Oak wine barrels. Its story.

Why oak barrels for wine?

If right now we stand before a crianza, reserva or gran reserva wine, and we look for something in common, surely a barrel will automatically come to mind. And it is that without a doubt, our understanding would find it strange not to associate the concepts of wine and barrels.

However, this romance, which has centuries of idyll, began as always accidentally and by chance. The original and first containers for storing wine were amphorae, so it was not until the conquest of Gaul by the Romans that they began to imitate many of their techniques.

Oak barrels for storage and transportation.

One of them was the use of wooden barrels for the storage and transport of beer. The main wood for its production was oak, since it was a very abundant tree in Roman Europe, as well as being quite malleable and waterproof. In addition to all this, their shape was studied to facilitate their transfer, taking advantage of the rolling of their lines.

Barrels in the old times
Image from the book Asteriz in Brittany.

It was not until several centuries later that its organoleptic characteristics were inadvertently introduced into the tastes of wine consumption to this day.

Oak barrels in the modern age.

And with all this, we come to the modern age and its consequences. A modern age that no longer conceives a wine that is more than a year old without having been in the barrel, and that therefore is increasingly interested in the aging process in wood.

Having already passed the nineties, in which the general market demanded wines with a tremendous load of wood that almost completely concealed the fruit aromas typical of the variety and known in slang as “wooden soups”, today it leaves step to a lesser role of oak in the wines.

The current consumer demands primary aromas, typical of the variety, relegating those of wood to a mere companion.

Advantages of aging wine. 

  • The porosity of the oak allows a micro-oxygenation of the wine in a slow and constant way. Said supply of oxygen allows increasing the oxidation-reduction potential of the wine prior to bottling, which promises a longer shelf life.
  • The release of tannins from the wood to the wine in the aging process itself gives it a greater aromatic and chemical complexity, which in addition to lengthening its subsequent storage time in the bottle provides it with tertiary aromas (mainly spicy series)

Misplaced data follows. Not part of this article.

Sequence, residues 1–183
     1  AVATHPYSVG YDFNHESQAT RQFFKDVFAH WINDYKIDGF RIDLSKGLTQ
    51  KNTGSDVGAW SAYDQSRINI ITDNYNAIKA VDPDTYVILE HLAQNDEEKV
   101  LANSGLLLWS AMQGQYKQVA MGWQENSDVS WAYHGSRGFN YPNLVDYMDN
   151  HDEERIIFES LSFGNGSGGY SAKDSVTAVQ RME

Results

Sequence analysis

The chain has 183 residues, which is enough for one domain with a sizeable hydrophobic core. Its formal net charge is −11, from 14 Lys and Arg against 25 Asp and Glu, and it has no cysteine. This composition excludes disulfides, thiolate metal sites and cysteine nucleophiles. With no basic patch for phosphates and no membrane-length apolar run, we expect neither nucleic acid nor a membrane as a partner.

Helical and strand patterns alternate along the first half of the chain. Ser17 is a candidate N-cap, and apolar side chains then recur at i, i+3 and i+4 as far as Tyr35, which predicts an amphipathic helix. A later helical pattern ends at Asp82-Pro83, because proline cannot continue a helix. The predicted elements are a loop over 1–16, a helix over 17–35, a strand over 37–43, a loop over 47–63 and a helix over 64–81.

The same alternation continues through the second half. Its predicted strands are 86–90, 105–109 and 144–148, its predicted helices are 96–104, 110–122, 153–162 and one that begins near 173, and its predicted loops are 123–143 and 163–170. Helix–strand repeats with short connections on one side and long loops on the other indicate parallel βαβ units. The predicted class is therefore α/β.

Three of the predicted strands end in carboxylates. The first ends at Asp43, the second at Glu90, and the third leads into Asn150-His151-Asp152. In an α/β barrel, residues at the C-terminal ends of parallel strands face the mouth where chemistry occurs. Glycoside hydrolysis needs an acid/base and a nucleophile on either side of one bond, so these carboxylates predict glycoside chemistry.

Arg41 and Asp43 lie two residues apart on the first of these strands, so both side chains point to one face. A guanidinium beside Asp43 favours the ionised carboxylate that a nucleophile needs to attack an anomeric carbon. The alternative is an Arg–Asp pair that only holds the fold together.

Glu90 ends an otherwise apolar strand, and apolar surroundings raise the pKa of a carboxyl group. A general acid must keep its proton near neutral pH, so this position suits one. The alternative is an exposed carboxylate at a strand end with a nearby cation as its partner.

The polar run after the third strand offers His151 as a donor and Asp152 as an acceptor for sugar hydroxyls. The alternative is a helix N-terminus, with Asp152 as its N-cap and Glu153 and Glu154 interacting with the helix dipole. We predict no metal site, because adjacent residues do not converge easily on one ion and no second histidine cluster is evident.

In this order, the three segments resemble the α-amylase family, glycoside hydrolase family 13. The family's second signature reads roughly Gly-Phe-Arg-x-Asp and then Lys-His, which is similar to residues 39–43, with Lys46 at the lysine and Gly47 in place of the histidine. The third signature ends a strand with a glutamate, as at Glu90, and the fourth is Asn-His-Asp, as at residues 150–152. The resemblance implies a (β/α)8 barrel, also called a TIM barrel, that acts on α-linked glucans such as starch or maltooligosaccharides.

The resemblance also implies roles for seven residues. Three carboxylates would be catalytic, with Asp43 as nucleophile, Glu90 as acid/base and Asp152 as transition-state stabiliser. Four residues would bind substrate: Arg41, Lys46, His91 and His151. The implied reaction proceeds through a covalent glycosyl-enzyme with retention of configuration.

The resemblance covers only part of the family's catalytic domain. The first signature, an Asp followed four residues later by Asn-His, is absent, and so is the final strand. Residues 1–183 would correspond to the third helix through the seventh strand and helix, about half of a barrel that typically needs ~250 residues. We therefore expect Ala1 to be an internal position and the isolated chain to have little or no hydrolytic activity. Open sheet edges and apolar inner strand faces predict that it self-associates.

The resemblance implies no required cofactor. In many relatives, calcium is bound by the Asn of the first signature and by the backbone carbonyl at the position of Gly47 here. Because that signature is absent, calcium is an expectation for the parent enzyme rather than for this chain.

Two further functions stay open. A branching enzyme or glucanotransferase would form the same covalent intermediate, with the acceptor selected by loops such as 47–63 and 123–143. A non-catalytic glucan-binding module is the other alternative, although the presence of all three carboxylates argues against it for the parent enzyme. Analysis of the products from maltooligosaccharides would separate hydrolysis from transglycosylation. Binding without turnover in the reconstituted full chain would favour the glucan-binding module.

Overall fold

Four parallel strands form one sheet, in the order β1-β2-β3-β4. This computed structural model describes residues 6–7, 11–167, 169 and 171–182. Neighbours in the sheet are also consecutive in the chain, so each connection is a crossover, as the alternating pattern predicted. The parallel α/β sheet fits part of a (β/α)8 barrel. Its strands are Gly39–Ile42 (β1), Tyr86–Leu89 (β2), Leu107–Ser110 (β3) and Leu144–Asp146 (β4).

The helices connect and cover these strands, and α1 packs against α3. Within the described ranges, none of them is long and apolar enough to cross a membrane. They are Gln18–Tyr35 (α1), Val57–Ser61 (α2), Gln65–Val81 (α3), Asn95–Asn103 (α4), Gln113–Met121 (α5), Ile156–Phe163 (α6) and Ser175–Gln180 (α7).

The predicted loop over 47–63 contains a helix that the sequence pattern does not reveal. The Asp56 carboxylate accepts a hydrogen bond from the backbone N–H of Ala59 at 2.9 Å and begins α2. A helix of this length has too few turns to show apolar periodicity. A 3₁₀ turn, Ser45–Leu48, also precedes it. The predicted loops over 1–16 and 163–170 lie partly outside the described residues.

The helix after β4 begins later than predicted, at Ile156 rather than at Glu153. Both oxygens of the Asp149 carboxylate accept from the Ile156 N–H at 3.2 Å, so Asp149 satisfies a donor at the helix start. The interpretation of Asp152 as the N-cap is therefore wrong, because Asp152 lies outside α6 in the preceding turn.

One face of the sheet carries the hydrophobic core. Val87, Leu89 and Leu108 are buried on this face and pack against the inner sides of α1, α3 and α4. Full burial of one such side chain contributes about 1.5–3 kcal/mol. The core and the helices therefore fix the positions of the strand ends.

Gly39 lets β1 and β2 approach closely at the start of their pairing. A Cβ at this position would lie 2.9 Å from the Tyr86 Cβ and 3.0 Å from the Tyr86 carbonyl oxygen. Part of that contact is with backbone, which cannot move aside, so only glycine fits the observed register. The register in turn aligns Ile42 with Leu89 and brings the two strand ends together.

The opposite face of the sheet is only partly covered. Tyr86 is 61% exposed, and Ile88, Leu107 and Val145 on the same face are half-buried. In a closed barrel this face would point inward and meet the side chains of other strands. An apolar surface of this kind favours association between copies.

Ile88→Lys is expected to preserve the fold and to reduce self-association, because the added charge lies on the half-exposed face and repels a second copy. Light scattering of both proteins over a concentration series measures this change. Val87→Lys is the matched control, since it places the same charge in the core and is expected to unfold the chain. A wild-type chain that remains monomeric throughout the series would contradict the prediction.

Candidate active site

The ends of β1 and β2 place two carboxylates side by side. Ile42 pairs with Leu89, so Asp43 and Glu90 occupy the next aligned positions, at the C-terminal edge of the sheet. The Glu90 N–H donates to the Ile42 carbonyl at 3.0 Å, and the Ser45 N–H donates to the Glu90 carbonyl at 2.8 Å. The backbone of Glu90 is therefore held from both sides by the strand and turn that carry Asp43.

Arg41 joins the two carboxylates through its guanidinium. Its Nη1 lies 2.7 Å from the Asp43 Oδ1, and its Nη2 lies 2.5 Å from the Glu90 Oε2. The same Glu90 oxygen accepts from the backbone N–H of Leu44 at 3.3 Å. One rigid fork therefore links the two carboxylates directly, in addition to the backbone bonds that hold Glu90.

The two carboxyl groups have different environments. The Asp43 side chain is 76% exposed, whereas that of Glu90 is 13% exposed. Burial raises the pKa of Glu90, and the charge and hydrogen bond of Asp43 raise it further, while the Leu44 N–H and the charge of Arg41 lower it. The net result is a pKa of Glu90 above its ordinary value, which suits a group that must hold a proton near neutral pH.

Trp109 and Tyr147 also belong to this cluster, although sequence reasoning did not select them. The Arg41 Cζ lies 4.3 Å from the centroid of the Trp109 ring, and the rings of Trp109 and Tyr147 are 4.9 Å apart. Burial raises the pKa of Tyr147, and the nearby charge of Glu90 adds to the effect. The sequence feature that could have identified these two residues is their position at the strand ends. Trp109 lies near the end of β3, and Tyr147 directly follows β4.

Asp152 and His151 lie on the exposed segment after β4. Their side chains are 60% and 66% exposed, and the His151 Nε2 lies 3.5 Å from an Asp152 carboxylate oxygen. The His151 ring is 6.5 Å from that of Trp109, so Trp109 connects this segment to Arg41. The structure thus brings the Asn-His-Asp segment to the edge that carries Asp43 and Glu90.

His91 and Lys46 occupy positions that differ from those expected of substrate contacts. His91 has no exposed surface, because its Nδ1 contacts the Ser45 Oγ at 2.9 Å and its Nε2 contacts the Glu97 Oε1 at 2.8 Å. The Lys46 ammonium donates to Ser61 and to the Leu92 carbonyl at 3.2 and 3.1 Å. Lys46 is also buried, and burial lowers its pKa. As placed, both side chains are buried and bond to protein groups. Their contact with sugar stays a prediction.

• The constant addition of sulfur that is carried out in them (except in natural wines) allows a greater and better fixation of the color, allowing the habitual evolution of the violet tones to the tile tones.
  • The morphology of the barrel authorizes an optimal contact of the wine with its own lees, which are deposited at the bottom of the barrel and allow to carry out the famous “batonnage” (stirring) operation, where the oenologist removes the wine with the precipitation itself generated by it to give it more complexity on the nose and in the mouth.
  • The progress made in the degree of toasting of the barrels in recent years is truly dizzying. Currently many wineries have their own roast chart for each type of wine and barrel, therefore it can be said that the wineries adapt their casks completely to their liking and can have as many different toasts as the number of barrels. All this causes that the aromatic complexity that can currently be given to the wine thanks to this technique is practically infinite.

Drawbacks of aging wine.

  • But in this universe, all its yin has its yang, and barrel aging also has its drawbacks that we will try to explain below:
  • Its cost. If we take for example that a French oak barrel of the Bordeaux type is around € 800 in new price, to store just 225 liters of wine, it is easy to calculate the necessary investment. This barrel will lose half its value in the second year since it has already stored wine for a year, so it will be known as a wine barrel and its value will have fallen to € 400. In its third year, said the price will fall again until half the previous one, and so on until it reaches approximately five years where its residual value is reached, which is around € 50. At that time, the barrels are usually used either for the aging of special wines, for the storage of distillates, or lastly for decorative elements in the restaurant sector.
  • The loss of wine during aging. Known as the wine of the angels, it is estimated that a new barrel can lose up to 10% of the wine introduced in its first year. This decrease is due to the absorption of wine by the wood and the evaporation processes.
  • Wine defects. Although it is not usual, cases of wine defects associated with the poor quality of the barrel have been detected.
  • Storage conditions. The barrel storage room is more complex than it might seem a priori. Temperature and humidity are permanently controlled, in addition to the entry of light and possible wood pests. The logistics in a barrel room requires good organizational work and all the production operations that are done to the wine while it is in them are complicated by their morphology and location.

In short, wine and wood, a centuries-old symbiosis whose flirtation has only just begun and to which many more centuries of courtship are predicted. Cheers!.

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